All Those Stupid Notifications Don’t Matter

The day after I talked to Eric about his focus times I tried to derail him in Slack. The message went something like this:

You shouldn’t be seeing this Eric. You’re supposed to be focused on work. So focus.

What do you NEED

Need is a hard word because often those around us try to dictate what we need. I have a friend that messages me on Facebook all the time. Despite the fact that I may not respond to it for a week because I don’t check Facebook.

Every time they bring up the fact that I take way too long to respond and I say I don’t check Facebook they tell me some variation of “Well you need to check Facebook, that’s where everyone is.”

What they mean is that Facebook is where they are so I NEED to be there too. The truth is that they’re the only person that persists in messaging me on Facebook and I may be the only person they know that persists in not checking it to see if maybe they messaged me.

The purpose of technology is to make your life smoother and easier; not to create complexity, confusion, and stress. – Eat That Frog

The first step in deciding what you need in your notifications is to acknowledge which things are imposed by others and which notifications you must have to do your job well.

Do you need some notification of every email that comes in during a coding session? Nope. Email is an asynchronous communication tool. The beauty of it is that you can let it wait and deal with it as it works for you.

Do you need every text message that comes while you’re writing? Nope.

Does everyone in every Slack channel deserve to steal your attention whenever they deem it necessary? No. Even though it’s supposed to be a synchronous communication tool, it’s often no your focus. You should be doing something else that pushes the ball forward in your work.

Will some people be frustrated that they can’t get in touch with you via these channels? Yup, and that’s their problem.

When it’s time to do focused work, you need to make sure that you shape your environment to make it happen.

Do you even need your phone visible? Some research shows that merely having your phone on your desk diverts your attention. You always hear your name being said in a crowded room because you’re burning some part of your brain cycle to listen for your name. Your phone on the desk is the same thing. You’re using cycles waiting to see if it might maybe have a notification for you to deal with.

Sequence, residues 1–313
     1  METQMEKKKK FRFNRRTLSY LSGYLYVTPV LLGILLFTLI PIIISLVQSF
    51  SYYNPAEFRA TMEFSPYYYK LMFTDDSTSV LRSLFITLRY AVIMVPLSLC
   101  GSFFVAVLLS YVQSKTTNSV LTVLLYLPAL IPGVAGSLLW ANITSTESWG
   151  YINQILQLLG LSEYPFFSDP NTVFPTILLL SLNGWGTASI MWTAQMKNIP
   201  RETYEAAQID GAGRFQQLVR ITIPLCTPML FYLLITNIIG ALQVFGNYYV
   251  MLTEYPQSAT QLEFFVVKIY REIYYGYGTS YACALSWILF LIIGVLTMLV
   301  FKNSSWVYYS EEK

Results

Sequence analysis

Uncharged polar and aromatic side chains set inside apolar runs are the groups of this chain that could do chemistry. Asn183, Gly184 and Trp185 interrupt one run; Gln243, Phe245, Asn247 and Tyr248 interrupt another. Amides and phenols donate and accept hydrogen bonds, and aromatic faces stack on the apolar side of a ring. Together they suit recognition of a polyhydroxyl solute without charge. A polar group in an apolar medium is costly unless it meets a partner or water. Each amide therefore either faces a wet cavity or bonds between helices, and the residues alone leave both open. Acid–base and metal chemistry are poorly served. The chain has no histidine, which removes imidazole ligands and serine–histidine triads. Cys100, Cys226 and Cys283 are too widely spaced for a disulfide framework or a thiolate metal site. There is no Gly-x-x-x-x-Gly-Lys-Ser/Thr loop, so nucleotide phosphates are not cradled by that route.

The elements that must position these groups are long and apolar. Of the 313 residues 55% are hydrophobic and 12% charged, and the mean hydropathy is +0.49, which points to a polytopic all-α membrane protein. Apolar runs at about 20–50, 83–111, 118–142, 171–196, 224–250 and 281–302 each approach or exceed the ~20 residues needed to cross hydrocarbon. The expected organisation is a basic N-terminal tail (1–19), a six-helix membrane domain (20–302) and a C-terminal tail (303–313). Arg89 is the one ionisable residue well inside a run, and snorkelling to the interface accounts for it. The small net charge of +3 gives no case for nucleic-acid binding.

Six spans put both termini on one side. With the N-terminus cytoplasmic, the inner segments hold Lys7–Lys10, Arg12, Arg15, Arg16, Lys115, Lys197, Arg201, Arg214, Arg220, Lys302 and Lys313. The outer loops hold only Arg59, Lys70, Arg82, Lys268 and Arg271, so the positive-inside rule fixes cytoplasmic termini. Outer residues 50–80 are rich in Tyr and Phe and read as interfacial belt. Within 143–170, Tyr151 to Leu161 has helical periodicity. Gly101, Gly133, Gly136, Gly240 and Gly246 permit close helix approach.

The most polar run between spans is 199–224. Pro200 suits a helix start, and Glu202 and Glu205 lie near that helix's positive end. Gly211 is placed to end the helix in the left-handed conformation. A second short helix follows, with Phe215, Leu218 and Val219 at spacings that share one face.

When you’re doing focused work, the one thing that you need to get done in a day, take your phone right out of your office or workspace. Put it in your bag or a charging drawer.

We don’t do this because we succumb to the any benefit mindset.

The Any-Benefit Approach to Network Tool Selection: You’re justified in using a network tool if you can identify any possible benefit to its use, or anything you might possibly miss out on if you don’t use it. – Deep Work

Almost every notification that comes through to us makes no immediate difference in our lives and work. Whether we get them now or in an hour, changes nothing.

Do Not Disturb

Okay, sometimes you do need notifications, and it’s a pain in the butt to go back to your phone settings and turn them off. This is where Do Not Disturb mode comes in.

I use DND mode every morning from 6 am – 9 am and there is only one person that can get in touch with me. My wife. She can only get in touch with me is by calling. I don’t see her text messages even because 99% of the time they’re not immediately relevant.

If I get milk on my way home now, or in an hour makes little difference, so I don’t need to have that notification pull me out of the creative flow.

The only way she can get in touch with me right away is by calling because there she’s marked as a VIP and gets through right away.

Disconnect iMessage

iMessage is great, and it’s terrible. It’s great because you have synced notifications across devices, which also makes it terrible. Especially on your primary working device.

I turned iMessage off on my Mac 8 months ago and haven’t missed it once.

My iPad is primarily a writing device, and it doesn’t have iMessage either because iMessage doesn’t help me write well.

If you want to get focused deep work done, then decide what notifications you need and shut everything else off. It may feel a bit scary not to be reachable, but I promise almost no one will notice or care.

You’ll get more, and better work done with the space you create in your life. You’ll be less scattered. As you train yourself to this new normal, you’ll have longer and better focused times of work.

Have an awesome day!

Curtis

PS: If you’re struggling with focus, book a FREE call and let’s talk about what you’re doing.

photo credit: kthai cc